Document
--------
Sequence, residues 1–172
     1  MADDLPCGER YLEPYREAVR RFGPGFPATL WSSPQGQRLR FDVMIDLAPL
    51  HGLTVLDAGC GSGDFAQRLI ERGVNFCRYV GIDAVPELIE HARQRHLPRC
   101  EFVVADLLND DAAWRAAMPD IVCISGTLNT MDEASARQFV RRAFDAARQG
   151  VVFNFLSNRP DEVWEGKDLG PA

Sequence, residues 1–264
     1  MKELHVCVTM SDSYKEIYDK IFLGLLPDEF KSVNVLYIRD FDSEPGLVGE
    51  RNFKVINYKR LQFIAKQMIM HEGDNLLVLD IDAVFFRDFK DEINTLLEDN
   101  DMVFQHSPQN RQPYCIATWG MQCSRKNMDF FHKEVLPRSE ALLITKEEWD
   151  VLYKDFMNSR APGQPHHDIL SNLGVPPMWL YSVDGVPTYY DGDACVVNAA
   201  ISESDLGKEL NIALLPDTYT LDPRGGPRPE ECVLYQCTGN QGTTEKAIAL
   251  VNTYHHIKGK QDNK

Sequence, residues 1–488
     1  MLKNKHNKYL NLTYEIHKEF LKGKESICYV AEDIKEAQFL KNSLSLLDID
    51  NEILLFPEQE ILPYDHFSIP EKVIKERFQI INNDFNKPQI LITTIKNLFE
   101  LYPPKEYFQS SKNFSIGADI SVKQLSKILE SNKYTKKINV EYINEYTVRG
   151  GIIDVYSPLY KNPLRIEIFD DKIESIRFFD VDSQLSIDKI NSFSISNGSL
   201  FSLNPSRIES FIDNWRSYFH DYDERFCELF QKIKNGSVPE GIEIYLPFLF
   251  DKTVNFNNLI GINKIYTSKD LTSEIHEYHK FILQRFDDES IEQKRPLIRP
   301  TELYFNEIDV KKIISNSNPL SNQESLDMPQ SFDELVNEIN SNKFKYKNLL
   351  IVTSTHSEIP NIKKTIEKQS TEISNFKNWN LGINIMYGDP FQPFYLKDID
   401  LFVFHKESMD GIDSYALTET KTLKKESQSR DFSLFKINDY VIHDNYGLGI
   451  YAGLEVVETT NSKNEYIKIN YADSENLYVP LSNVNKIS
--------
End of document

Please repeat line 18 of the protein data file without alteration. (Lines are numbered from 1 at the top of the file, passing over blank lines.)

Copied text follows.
   201  FSLNPSRIES FIDNWRSYFH DYDERFCELF QKIKNGSVPE GIEIYLPFLF